Some individuals have questions about what assets should be included in their trusts. Certain financial accounts such as CDs and money market accounts can be placed into the trust or left separate. While, sometimes, there may be a good reason for leaving certain accounts out of the trust, it is usually good practice to fund the trust with all of one’s financial accounts. In California, doing so can be a part of trust preparation.
A trust can only control the assets that have been titled in its name. However, most people include a pour-over provision in their wills that will funnel any probate assets into the trust eventually. However, usually an individual’s goal in creating a trust is to avoid probate and also to allow another person to have administrative abilities if they become incapacitated as well.
In some instances, an account may have a payable-on-death or a transfer-on-death beneficiary, and the account will be transferred to that individual upon the person’s death, but it will not allow another person to manage the asset during the owner’s lifetime should he or she become incapacitated. If the asset is in the trust, the trustee can manage it even while the individual is still alive. Also, assets not left in trust may be managed by a court-appointed guardian.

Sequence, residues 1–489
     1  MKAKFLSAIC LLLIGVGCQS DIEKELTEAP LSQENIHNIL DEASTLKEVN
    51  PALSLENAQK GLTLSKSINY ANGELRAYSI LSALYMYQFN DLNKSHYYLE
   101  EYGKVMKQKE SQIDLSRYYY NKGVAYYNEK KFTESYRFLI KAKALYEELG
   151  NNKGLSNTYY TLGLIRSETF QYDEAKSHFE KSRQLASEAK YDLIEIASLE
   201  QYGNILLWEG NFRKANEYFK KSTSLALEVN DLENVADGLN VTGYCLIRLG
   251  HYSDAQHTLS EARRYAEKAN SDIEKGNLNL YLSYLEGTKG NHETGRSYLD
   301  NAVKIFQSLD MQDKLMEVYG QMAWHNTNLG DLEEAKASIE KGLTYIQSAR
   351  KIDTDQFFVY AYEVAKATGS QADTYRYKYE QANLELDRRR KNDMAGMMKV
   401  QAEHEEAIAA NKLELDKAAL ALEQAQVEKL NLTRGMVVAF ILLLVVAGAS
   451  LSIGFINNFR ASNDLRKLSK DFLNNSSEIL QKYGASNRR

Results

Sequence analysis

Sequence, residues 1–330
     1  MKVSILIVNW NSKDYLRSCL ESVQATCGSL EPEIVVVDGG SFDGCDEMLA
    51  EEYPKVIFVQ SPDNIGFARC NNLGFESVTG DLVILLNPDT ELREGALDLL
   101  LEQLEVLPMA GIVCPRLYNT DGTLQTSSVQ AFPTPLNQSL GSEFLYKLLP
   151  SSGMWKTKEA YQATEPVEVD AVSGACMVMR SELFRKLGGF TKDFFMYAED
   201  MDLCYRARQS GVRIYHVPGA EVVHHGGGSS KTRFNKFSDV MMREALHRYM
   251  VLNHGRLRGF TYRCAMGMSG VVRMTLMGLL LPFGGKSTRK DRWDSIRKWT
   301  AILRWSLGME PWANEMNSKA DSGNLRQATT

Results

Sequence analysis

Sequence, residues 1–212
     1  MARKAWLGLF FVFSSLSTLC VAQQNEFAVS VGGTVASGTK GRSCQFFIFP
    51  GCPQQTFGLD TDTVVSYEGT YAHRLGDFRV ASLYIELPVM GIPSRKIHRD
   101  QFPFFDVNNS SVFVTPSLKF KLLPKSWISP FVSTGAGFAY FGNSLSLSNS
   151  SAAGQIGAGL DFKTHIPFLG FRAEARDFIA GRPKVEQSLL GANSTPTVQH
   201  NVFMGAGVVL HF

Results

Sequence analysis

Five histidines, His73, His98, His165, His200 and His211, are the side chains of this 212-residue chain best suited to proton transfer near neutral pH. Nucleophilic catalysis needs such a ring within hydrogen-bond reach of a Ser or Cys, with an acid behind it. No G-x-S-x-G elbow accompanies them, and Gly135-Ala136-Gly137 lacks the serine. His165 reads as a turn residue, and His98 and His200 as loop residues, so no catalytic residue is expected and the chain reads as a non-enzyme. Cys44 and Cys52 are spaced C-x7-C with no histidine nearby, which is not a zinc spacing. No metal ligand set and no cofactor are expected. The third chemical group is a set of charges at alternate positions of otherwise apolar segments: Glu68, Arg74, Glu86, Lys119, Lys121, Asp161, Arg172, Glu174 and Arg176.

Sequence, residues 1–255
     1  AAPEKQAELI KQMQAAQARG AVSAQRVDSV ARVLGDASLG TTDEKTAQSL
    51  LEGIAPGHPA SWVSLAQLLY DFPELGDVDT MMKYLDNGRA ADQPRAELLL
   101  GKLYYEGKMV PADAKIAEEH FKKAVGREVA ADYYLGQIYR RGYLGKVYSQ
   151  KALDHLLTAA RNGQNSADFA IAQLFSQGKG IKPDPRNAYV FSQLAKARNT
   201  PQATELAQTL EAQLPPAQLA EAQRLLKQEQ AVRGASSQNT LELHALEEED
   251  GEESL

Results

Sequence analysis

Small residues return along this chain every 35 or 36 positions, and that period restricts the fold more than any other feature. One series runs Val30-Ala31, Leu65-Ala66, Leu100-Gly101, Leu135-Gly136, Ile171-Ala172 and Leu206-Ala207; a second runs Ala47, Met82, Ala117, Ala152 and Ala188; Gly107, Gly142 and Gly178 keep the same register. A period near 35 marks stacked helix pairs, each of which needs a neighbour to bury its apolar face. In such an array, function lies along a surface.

Typically, individuals in California should title their assets into the trust as part of the trust preparation process. There may be exceptions to this rule. Each case is unique, and some people may want more guidance. Help can usually be found with an experienced estate planning attorney.